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Wheat/Menorah Pot



Wheat, rice and corn were the foundations of the civilizations of the Middle East/Europe, Asia and the New World respectively. Of these three, it seems the first to be cultivated was wheat. It is probably no exaggeration to state that the domestication of wheat here in the Middle East was the single most important factor in the transformation of human beings from hunting/gathering bands to settled agricultural and eventually urban communities. Every aspect of culture was transformed by this revolution.

In Judaism wheat takes the first place among the plants of the Land of Israel. Bread, whether it be the showbread of the Temple service, the Matzah of Passover, or the Challah for Shabbat and holidays, has always played a very prominent place in Jewish law, custom and folklore.  According to one rabbinic opinion, the Tree of Knowledge was none other than the wheat plant. The eating of bread is what determines a full meal and obligates one to recite the grace afterward. The blessing over bread covers all the other foods at a meal.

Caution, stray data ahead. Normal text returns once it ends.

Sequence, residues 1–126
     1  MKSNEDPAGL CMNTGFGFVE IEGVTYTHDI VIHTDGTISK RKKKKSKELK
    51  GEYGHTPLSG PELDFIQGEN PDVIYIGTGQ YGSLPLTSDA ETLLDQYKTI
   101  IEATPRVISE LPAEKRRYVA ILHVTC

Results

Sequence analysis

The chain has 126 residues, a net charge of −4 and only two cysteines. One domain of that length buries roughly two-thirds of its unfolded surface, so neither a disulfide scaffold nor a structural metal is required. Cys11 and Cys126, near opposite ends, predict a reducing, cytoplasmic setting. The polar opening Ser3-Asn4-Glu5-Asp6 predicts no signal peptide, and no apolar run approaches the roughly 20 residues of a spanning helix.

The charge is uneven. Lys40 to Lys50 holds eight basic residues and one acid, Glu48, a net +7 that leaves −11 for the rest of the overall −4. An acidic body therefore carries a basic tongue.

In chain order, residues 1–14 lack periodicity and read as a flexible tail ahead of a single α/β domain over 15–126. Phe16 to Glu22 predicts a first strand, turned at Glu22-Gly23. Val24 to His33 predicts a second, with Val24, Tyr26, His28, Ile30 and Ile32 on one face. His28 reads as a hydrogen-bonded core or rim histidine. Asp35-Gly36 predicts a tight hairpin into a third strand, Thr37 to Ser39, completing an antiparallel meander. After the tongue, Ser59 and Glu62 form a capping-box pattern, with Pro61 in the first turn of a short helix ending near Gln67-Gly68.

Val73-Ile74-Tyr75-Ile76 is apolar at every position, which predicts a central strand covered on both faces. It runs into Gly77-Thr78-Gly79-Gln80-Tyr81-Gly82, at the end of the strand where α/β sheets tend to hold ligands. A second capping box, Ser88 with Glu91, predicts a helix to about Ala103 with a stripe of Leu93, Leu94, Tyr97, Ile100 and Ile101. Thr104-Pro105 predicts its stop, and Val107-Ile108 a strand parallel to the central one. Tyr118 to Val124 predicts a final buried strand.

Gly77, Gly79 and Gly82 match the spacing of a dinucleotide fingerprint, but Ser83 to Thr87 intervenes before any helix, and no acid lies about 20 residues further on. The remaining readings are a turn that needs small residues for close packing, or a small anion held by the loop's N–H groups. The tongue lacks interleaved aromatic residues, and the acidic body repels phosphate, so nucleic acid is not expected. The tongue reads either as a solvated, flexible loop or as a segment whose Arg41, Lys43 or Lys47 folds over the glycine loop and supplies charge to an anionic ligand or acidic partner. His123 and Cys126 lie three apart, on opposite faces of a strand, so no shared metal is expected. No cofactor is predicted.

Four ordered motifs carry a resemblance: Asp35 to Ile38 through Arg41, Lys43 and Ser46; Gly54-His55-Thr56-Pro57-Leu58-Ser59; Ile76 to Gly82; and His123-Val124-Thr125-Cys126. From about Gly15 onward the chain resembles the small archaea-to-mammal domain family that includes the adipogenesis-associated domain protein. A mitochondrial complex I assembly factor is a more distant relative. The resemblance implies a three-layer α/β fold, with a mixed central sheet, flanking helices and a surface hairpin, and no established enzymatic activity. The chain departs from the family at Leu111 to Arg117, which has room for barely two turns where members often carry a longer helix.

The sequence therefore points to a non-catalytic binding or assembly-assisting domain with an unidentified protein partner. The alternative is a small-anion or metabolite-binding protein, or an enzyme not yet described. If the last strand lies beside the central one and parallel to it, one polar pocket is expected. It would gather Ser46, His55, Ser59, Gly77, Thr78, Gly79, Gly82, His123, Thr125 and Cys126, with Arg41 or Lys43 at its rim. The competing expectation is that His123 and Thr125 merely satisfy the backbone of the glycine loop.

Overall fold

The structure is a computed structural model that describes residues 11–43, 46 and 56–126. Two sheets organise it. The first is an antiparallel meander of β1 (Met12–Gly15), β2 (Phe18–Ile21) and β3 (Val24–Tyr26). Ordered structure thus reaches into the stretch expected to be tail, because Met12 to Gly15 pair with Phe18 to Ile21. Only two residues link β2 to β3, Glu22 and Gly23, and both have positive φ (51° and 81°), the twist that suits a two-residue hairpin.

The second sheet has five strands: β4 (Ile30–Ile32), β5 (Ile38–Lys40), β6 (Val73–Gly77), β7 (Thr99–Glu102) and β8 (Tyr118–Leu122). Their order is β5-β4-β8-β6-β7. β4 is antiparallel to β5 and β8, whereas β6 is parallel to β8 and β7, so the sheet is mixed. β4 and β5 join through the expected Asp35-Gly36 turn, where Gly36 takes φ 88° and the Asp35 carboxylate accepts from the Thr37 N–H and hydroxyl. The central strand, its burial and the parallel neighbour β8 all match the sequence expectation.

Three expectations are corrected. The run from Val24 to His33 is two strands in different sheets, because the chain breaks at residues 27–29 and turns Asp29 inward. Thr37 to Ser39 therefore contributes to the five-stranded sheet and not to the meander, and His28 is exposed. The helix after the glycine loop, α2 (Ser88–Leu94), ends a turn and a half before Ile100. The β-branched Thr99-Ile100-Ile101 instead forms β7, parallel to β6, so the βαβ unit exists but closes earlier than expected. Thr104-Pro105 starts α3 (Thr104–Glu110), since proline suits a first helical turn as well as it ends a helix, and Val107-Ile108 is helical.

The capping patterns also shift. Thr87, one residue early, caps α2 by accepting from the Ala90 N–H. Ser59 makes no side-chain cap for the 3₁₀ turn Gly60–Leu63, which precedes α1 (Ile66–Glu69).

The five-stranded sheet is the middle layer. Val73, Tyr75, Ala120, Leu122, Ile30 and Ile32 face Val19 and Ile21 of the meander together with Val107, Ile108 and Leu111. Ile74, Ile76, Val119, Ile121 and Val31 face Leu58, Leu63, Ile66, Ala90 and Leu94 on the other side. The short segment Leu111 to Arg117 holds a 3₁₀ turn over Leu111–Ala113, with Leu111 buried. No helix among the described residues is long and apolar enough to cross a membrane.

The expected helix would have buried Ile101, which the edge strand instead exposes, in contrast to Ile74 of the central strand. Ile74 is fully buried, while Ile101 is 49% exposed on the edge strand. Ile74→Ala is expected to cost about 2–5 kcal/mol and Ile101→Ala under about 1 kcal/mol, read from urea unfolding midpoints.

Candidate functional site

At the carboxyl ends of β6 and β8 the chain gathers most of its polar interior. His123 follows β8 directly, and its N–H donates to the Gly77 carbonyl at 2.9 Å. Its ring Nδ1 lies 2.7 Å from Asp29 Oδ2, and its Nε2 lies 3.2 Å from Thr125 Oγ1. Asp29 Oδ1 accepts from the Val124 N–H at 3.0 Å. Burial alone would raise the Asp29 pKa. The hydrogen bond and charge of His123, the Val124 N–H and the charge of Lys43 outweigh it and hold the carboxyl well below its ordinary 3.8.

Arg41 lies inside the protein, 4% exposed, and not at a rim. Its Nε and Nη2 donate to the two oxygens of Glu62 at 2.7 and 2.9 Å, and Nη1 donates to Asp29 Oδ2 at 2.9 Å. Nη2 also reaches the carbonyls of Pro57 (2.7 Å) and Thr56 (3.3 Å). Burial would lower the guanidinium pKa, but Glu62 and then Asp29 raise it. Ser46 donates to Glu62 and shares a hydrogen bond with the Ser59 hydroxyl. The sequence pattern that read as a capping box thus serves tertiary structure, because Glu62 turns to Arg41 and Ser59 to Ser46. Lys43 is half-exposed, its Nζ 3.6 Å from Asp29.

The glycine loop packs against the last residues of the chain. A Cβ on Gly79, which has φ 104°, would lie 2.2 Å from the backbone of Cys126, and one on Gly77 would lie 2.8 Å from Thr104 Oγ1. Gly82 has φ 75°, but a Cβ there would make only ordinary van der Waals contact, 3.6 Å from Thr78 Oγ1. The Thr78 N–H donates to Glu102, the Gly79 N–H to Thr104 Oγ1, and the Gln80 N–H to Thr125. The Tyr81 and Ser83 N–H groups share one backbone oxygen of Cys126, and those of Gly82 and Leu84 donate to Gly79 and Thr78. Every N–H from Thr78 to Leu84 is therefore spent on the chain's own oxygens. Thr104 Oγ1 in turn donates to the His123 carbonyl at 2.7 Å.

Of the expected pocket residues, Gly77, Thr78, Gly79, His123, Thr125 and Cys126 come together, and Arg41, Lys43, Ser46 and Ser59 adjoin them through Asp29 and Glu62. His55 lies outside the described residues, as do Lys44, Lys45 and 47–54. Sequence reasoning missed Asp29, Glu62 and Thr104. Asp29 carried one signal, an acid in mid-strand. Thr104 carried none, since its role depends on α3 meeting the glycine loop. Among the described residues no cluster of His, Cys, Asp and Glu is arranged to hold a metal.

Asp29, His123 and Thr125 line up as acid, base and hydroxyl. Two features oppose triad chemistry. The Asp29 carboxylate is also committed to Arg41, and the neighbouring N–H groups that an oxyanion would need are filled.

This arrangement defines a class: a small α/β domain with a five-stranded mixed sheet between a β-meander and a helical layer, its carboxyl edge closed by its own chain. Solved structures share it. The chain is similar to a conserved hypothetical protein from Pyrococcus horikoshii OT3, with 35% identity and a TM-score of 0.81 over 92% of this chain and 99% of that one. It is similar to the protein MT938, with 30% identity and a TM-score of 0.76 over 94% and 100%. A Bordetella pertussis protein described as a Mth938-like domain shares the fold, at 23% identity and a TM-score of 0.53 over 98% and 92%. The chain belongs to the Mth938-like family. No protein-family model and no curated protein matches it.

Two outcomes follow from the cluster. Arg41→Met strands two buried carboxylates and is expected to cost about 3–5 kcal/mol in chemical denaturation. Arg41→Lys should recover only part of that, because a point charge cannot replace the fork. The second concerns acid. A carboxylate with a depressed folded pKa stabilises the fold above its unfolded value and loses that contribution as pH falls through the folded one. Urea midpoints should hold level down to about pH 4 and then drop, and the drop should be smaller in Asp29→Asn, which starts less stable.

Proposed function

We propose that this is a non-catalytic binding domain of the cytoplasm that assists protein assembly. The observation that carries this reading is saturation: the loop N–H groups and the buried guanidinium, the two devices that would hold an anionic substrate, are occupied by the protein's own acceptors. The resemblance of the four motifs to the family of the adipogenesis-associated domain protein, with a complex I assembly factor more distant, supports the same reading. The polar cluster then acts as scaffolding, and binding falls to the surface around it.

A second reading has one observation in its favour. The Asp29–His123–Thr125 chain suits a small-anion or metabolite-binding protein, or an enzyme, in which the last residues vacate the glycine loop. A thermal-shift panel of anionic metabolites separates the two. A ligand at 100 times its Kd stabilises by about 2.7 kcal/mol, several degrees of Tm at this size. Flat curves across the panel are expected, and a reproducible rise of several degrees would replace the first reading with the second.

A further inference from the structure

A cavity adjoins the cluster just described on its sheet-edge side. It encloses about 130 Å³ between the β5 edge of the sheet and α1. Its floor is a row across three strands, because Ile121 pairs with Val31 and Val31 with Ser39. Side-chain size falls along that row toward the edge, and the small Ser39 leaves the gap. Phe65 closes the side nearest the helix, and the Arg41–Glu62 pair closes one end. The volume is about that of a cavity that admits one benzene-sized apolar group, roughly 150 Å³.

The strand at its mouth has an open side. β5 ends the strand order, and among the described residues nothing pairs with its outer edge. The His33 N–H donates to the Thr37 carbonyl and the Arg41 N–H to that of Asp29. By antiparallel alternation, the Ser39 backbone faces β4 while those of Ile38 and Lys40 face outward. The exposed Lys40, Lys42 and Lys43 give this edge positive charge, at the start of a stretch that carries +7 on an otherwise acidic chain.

In this print, I have merged the image of wheat with the most important Jewish symbol of all—the Menorah. The seven-branched candelabrum of the tabernacle and of the Temple has become the primary symbol of Judaism throughout the ages. Here I have used the reiteration of this combined wheat and Menorah form to suggest the constant grace and abundance of God’s gifts of life to us—physical food— symbolized by the staff of life, and spiritual light hinted at by the Menorah. As we say each time we eat bread:  “He gives bread to all flesh, for His mercy is eternal.”

Edition of the Pueblo Portfolio

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